Milan Design Week 2018: The Best Installations, Collaborations, and Projects


This week, designers, architects, makers, editors, and enthusiasts alike descend upon Milan for the city's Design Week, where they'll survey the latest in furniture, lighting, decor, and more. The center of the week is, of course, Salone del Mobile, the historic international furniture and design fair that is the largest—and most prominent—of its kind. But between Salone and its numerous satellite fairs, exhibitions, launches, debuts, panels, parties, talks, and more, it can be hard to fit it all into a week—which is why AD PRO is providing ongoing coverage of the best in Milan. Keep your eye on this page for daily updates on what to see and do during the fair.


Hometown heroes Britt Moran and Emiliano Salci of DimoreStudio revealed their latest projects in three different spaces on Via Solferino. A Sheherazade-inspired installation of tents mixed historical designs and works of art with contemporary pieces, all set to a witchy soundtrack. Across the courtyard, the duo revealed additions to their Progetto Non Finito and Oggetti collections, among them arachnid floor lamps reminiscent of Louise Bourgeois spiders and a bamboo-clad table in the spirit Gabriella Crespi. And in Dimore's new street-level space down the block, they transformed pieces of furniture from the late 19th and early 20th centuries, deconstructing them and injecting new finishes and materials. Molto bene. Via Solferino —Sam Cochran

"Unsighted," curated by Nicolas Bellavance-Lecompte

For his buzzy group exhibition "Unsighted," curator-dealer dynamo Nicolas Bellavance-Lecompte delivered a brief to eight designers that was in essence no brief whatsoever: Create something for a venue sight unseen. Highlights include Omer Arbel's cast-glass vessels, embedded with copper mesh, and Roberto Sironi's poetic juxtapositions of forms based on industrial and classical ruins. Via Cesare Correnti, 14 —Sam Cochran

Gabriel Scott x Bar Basso

The design world's favorite watering hole—Bar Basso—has collaborated with one of its patrons for the first time. During this year's Milan Design Week the institution's iconic Pepto-Bismol-pink interiors are jazzed up with molecular Welles light fixtures by Canadian studio Gabriel Scott. For the windows, the firm recolored the bulbs of its Myriad fixtures to match the bar's famous libation: the Negroni. Via Plinio, 39 —Hannah Martin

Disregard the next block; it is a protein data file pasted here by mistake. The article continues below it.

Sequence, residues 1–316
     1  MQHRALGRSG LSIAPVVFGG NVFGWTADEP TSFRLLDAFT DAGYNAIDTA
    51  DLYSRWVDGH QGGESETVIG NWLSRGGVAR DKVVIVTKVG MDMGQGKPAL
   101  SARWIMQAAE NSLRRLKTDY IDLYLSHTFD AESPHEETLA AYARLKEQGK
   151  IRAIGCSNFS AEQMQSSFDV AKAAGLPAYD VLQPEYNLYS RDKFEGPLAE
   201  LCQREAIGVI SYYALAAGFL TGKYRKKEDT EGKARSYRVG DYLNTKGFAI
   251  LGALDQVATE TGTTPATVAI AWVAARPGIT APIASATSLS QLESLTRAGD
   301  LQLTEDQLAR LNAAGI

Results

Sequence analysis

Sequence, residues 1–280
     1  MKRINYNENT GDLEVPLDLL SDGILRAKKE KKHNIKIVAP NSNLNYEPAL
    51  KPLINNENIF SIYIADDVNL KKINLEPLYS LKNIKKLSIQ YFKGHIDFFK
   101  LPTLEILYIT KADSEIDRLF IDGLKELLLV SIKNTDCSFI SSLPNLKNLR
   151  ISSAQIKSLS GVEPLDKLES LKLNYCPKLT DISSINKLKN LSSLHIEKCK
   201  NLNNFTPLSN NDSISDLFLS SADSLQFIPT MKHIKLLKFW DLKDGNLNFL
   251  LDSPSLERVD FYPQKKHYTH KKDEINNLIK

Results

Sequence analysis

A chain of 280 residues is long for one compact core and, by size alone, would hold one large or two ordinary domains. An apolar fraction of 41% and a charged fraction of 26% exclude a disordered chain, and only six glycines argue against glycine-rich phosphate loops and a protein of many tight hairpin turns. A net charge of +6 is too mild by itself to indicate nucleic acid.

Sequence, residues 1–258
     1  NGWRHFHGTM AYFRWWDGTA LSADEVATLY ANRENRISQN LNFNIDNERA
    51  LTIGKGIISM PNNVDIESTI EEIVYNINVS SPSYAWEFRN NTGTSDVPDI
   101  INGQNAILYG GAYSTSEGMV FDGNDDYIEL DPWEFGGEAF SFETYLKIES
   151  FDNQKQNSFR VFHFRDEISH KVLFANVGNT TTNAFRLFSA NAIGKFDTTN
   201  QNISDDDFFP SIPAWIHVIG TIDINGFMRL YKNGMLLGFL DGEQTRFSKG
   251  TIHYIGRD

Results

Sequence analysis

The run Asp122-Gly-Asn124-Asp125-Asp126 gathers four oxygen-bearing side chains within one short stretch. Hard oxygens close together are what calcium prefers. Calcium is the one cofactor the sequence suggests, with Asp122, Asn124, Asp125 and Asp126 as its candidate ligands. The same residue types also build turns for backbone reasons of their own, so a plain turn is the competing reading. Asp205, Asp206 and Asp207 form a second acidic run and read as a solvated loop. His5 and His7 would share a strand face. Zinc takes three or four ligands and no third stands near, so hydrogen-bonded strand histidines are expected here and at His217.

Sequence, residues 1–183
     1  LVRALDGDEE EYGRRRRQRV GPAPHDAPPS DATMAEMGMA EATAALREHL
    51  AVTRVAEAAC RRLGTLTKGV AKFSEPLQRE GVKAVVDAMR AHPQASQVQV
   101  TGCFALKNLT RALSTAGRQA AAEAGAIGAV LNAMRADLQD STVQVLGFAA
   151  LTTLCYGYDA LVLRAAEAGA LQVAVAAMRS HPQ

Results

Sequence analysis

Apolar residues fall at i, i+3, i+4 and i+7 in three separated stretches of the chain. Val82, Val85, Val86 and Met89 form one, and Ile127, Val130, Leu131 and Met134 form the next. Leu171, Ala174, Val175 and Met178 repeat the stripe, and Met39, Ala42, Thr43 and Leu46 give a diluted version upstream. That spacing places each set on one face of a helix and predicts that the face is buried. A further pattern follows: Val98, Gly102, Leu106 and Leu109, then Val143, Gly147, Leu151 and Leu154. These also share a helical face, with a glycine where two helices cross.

Apparatus: Act III

Apparatus' Gabriel Hendifar and Jeremy Anderson are masters of reinvention. This year, for the New York studio's so-called Act III, their Via Santa Marta showroom has morphed into a chic Persian tearoom. Its contents? A collection of jewelry-like furniture and lighting inspired by creative director Hendifar's Iranian roots. "It's all about reconnecting with this place I've never been," says Hendifar, a first-generation American, who infuses traditional materials (agate, jasper, jade) and forms (Persian drums, nomadic tray tables) with an almost futuristic flair. Via Santa Maria, 14 —Hannah Martin

"Life in Vogue"

What designer hasn’t dreamed of redoing a Vogue editor's office? This year, for an exhibition called "Life in Vogue: A Reflection on the Way of Living the Contemporary Office," nine lucky creatives—from buzzy youngsters like Milan's Quincoces-Dragó, New York's Michael Bargo, and Rotterdam's Sabine Marcelis to established talents like Patricia Urquiola and Mario Bellini—have been asked to realize their workspace fantasies for beauty editors, art directors, and more at the offices of Vogue Italia. The pervading feeling? A nostalgia for individual creative workplaces with personal style that, in a world of one-size-fits-all offices and coworking spaces, feel nearly extinct. Above, Faye Toogood's interpretation. Piazza Cadorna, 5 —Hannah Martin

Snarkitecture for Caesarstone